Activists Wield Search Data to Challenge and Change Police Policy

at the New York Times: “One month after a Latino youth died from a gunshot as he sat handcuffed in the back of a police cruiser here last year, 150 demonstrators converged on Police Headquarters, some shouting “murderers” as baton-wielding officers in riot gear fired tear gas.

The police say the youth shot himself with a hidden gun. But to many residents of this city, which is 40 percent black, the incident fit a pattern of abuse and bias against minorities that includes frequent searches of cars and use of excessive force. In one case, a black female Navy veteran said she was beaten by an officer after telling a friend she was visiting that the friend did not have to let the police search her home.

Yet if it sounds as if Durham might have become a harbinger of Ferguson, Mo. — where the fatal shooting of an unarmed black teenager by a white police officer led to weeks of protests this summer — things took a very different turn. Rather than relying on demonstrations to force change, a coalition of ministers, lawyers and community and political activists turned instead to numbers. They used an analysis of state data from 2002 to 2013 that showed that the Durham police searched black male motorists at more than twice the rate of white males during stops. Drugs and other illicit materials were found no more often on blacks….

The use of statistics is gaining traction not only in North Carolina, where data on police stops is collected under a 15-year-old law, but in other cities around the country.

Austin, Tex., began requiring written consent for searches without probable cause two years ago, after its independent police monitor reported that whites stopped by the police were searched one in every 28 times, while blacks were searched one in eight times.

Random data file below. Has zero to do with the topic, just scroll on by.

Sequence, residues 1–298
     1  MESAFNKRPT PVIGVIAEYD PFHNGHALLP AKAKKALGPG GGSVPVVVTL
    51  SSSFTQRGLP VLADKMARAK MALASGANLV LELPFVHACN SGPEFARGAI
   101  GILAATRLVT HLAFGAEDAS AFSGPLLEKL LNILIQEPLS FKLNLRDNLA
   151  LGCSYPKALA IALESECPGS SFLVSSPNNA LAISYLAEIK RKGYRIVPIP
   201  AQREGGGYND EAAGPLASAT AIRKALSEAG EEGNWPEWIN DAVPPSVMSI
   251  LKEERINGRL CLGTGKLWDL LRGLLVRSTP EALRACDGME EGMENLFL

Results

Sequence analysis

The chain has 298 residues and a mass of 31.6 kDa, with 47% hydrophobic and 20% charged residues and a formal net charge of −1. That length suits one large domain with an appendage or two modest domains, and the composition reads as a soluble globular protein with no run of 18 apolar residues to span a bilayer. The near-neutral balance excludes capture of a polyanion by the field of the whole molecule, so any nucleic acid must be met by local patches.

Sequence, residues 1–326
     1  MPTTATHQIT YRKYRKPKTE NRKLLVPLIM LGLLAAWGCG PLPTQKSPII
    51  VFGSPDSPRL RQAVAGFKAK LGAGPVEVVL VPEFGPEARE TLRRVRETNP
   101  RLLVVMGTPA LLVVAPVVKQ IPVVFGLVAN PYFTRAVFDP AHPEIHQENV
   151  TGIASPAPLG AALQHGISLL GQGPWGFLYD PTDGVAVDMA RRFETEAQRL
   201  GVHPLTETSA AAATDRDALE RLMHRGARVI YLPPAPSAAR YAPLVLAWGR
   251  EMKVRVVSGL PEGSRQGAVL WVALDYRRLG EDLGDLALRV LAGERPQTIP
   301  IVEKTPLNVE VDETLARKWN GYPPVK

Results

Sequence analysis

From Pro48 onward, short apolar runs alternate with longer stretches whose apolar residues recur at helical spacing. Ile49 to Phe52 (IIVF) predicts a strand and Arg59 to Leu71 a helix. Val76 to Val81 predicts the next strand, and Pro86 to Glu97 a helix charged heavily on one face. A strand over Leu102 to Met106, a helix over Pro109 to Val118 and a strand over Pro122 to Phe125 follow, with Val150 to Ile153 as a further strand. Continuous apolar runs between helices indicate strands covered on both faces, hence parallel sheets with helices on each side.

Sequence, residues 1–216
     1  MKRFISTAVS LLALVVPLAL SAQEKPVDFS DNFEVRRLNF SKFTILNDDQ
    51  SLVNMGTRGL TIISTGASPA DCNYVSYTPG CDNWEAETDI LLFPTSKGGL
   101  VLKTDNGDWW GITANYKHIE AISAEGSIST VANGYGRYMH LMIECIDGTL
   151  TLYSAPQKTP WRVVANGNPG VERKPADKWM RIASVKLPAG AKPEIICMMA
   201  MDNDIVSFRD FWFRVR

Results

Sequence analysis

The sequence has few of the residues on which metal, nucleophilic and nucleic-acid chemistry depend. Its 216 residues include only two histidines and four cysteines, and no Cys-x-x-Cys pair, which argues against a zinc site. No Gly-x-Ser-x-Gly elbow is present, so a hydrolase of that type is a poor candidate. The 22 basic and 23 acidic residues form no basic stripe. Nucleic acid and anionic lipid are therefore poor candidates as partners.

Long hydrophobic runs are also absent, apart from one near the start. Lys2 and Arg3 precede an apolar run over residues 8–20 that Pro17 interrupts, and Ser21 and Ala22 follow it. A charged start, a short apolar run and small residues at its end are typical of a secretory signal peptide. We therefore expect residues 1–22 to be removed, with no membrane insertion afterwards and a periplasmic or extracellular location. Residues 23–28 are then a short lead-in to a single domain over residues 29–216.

In Kalamazoo, Mich., a city-funded study last year found that black drivers were nearly twice as likely to be stopped, and then “much more likely to be asked to exit their vehicle, to be handcuffed, searched and arrested.”

As a result, Jeff Hadley, the public safety chief of Kalamazoo, imposed new rules requiring officers to explain to supervisors what “reasonable suspicion” they had each time they sought a driver’s consent to a search. Traffic stops have declined 42 percent amid a drop of more than 7 percent in the crime rate, he said.

“It really stops the fishing expeditions,” Chief Hadley said of the new rules. Though the findings demoralized his officers, he said, the reaction from the African-American community stunned him. “I thought they would be up in arms, but they said: ‘You’re not telling us anything we didn’t already know. How can we help?’ ”

The School of Government at the University of North Carolina at Chapel Hill has a new manual for defense lawyers, prosecutors and judges, with a chapter that shows how stop and search data can be used by the defense to raise challenges in cases where race may have played a role…”